ranchers

Olivia Weitz

Main Street in Ketchum, Idaho, was home to some unusual visitors this past weekend. Hundreds of sheep trailed through town on their way to winter pastures. The “Trailing of the Sheep Festival” is an annual event that celebrates a tradition that goes back generations.

Emily Schwing / NW News Network

The number of ranchers in the U.S. is on the decline. There’s no recruiting for the gig and some of the generational ties to ranch land in the west have been severed, so it’s not clear who will take on the business in the future. One answer may be women.

Anna King / Northwest News Network

Ranchers in eastern Oregon are trying to cash in on eclipse visitors by opening their spreads to campers. Some have already signed on hundreds of visitors while others are hoping for a rush of last-minute eclipse-ers.

Anna King / Northwest News Network

Low temperatures, snow drifts, and northeasterly winds east of the Cascades are making things difficult for Northwest ranchers and dairy owners. They are struggling to keep their animals hydrated, fed and warm.

Anna King / Northwest News Network

Just several miles from the Malheur National Wildlife Refuge headquarters, ranchers say they’re unafraid of the armed occupiers.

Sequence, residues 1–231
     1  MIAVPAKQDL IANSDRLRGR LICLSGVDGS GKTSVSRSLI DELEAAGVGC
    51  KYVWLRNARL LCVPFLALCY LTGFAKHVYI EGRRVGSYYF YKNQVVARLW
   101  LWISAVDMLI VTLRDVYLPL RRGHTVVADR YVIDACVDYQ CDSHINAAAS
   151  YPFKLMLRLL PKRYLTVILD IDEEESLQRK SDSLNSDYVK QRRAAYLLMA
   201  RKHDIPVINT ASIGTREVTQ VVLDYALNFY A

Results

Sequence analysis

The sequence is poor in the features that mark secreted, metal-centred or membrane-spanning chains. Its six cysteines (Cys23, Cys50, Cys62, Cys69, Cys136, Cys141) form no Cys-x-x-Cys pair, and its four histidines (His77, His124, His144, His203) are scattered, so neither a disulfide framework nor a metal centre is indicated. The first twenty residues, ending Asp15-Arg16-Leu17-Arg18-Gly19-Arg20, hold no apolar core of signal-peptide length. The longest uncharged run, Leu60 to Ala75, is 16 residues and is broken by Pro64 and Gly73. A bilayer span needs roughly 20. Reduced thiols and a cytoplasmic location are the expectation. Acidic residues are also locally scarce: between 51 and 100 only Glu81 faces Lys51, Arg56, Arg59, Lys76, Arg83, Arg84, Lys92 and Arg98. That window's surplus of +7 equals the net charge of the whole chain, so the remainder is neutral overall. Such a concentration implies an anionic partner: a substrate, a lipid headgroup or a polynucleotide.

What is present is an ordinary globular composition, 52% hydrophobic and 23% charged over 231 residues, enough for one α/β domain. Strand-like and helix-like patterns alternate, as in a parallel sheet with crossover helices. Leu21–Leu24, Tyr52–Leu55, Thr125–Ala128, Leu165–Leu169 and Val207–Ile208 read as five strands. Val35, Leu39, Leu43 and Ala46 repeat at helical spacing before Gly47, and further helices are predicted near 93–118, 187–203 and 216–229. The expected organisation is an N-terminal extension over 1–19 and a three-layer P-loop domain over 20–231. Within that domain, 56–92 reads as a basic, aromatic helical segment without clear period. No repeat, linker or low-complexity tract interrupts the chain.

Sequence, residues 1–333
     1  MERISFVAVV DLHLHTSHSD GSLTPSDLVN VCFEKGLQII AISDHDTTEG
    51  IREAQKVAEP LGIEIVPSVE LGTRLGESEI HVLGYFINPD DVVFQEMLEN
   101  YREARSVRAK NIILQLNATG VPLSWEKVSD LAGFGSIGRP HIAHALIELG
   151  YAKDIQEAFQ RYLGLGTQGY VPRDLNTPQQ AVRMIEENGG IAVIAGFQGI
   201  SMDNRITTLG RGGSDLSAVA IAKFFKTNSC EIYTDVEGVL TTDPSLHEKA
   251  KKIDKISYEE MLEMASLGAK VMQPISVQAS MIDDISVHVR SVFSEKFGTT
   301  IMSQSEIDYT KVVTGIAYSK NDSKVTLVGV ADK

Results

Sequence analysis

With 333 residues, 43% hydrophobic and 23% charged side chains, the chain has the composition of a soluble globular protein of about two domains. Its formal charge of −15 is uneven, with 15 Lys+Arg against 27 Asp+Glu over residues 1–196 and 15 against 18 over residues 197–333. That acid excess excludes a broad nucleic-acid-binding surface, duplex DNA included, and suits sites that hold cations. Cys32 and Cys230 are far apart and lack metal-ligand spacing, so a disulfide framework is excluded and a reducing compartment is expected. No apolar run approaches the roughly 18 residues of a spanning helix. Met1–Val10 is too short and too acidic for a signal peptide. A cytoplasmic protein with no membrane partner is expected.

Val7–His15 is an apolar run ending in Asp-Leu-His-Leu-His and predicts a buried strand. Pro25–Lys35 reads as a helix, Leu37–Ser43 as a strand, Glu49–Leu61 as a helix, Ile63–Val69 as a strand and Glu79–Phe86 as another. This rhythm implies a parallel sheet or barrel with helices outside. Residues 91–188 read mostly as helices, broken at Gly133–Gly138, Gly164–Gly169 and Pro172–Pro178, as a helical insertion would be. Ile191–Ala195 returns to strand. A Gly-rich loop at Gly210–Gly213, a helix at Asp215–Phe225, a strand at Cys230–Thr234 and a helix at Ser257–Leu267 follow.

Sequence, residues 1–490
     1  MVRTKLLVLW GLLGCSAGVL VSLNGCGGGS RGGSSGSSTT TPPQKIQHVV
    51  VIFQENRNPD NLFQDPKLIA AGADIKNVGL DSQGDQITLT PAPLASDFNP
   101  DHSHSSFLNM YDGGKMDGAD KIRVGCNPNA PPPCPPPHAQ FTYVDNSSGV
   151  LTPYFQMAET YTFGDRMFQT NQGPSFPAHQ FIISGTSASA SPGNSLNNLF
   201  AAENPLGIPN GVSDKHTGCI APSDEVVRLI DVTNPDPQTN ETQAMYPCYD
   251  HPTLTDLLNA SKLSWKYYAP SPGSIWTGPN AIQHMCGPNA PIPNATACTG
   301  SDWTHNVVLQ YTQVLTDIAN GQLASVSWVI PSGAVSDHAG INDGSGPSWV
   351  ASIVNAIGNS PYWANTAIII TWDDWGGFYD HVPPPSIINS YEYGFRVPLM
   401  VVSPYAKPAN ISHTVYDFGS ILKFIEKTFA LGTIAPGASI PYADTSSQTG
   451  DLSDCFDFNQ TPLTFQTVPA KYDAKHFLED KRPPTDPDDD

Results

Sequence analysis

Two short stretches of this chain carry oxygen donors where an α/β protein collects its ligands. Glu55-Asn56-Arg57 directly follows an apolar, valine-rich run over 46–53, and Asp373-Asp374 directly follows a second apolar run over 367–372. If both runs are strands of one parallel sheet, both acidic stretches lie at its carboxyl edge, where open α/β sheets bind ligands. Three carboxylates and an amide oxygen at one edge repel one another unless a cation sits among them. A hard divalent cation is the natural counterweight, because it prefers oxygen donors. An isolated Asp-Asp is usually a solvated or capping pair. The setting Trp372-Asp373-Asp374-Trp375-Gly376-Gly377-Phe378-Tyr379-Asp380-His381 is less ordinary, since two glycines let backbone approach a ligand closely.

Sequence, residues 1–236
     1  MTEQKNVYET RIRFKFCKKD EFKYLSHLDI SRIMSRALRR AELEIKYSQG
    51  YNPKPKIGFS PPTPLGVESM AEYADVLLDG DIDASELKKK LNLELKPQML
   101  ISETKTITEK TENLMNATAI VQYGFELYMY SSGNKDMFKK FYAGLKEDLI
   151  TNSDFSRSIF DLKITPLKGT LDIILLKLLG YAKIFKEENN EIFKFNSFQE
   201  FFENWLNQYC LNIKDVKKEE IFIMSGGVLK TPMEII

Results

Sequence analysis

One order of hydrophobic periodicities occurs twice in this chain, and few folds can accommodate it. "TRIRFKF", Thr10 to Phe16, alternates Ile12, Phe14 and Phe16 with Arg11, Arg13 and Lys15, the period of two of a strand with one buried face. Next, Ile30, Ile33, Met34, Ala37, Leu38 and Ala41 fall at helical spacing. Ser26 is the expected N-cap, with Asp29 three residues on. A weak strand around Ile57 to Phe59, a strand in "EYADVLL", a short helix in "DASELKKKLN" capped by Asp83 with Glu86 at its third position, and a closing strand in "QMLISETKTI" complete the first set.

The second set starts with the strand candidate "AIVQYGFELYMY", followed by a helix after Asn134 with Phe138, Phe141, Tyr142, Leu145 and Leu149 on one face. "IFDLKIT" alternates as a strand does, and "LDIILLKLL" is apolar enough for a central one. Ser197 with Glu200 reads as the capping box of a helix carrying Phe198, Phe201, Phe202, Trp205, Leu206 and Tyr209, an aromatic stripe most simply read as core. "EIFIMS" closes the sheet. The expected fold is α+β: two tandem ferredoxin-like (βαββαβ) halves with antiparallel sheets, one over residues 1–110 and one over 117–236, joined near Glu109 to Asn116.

Amanda Peacher / OPB

Militants in eastern Oregon are getting little sympathy from Oregon lawmakers.

Amanda Peacher / OPB

Some southeast Oregon ranchers near Burns can sympathize with the armed group that’s taken over the Malheur National Wildlife Refuge. Ranchers in Harney County said they are frustrated with federal policy that can complicate ranching, logging and farming.

Ian C. Bates

In the poem “Mending Wall,” Robert Frost lays down the well-worn quote, “Good fences make good neighbors.” In this year’s dramatic Northwest wildfires, ranchers and neighbors are cutting down “good fences” of all kinds.

Ian C. Bates / NPR

Wildfires continue to burn across the state and it's hitting ranchers hard in central Washington.

Olivia Weitz / Northwest News Network

The Soda Fire in southwest Idaho and eastern Oregon has burned more than 400 square miles -- most of it federally-managed grazing land. Extreme temperatures fueled the Soda Fire. But farmers and ranchers are also blaming federal policy.

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